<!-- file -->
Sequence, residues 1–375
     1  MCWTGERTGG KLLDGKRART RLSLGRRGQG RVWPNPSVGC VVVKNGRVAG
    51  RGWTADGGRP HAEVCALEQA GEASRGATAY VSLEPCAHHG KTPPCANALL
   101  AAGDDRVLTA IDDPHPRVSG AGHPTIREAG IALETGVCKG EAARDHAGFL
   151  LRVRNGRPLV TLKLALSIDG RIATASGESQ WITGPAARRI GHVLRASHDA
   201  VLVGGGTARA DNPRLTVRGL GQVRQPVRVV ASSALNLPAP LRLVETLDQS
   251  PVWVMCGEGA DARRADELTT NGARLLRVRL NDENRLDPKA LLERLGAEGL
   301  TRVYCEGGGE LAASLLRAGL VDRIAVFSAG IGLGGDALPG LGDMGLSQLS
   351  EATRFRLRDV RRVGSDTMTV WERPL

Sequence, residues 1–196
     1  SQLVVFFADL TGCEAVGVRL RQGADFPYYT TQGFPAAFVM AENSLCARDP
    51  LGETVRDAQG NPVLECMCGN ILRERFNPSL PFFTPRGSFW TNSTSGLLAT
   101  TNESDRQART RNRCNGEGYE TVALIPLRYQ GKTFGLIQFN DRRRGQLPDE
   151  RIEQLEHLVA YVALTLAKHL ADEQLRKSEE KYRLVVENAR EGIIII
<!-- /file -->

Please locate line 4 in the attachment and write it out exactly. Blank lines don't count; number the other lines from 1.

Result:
   101  AAGDDRVLTA IDDPHPRVSG AGHPTIREAG IALETGVCKG EAARDHAGFL